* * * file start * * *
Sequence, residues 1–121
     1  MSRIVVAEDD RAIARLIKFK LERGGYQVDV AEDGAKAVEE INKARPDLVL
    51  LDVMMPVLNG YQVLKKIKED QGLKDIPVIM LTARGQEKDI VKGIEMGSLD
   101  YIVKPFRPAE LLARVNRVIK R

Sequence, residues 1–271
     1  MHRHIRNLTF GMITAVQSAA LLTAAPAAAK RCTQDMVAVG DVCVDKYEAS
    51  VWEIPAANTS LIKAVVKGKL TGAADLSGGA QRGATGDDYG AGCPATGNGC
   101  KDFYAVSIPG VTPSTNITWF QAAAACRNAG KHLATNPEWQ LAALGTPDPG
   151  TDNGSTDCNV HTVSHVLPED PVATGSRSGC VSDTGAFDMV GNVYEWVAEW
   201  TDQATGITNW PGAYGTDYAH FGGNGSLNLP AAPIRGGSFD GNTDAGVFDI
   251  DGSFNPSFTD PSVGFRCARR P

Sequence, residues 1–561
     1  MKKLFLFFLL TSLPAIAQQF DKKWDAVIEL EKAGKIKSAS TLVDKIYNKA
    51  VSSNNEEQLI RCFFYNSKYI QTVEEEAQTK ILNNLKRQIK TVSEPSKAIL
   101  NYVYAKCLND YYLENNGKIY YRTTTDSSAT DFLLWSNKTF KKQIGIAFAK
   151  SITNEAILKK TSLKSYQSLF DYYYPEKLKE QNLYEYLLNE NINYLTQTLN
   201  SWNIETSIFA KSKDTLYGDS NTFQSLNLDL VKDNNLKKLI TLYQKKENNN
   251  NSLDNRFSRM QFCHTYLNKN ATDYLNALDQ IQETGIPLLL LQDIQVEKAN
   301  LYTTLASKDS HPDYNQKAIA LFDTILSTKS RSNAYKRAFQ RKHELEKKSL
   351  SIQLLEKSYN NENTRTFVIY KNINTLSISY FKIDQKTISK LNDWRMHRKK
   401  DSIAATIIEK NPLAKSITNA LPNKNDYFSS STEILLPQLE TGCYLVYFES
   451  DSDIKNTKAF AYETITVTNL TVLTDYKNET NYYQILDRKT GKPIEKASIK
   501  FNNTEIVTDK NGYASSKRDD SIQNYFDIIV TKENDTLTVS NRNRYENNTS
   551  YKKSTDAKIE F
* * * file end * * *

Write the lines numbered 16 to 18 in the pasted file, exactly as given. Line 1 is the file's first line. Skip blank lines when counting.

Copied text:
   151  SITNEAILKK TSLKSYQSLF DYYYPEKLKE QNLYEYLLNE NINYLTQTLN
   201  SWNIETSIFA KSKDTLYGDS NTFQSLNLDL VKDNNLKKLI TLYQKKENNN
   251  NSLDNRFSRM QFCHTYLNKN ATDYLNALDQ IQETGIPLLL LQDIQVEKAN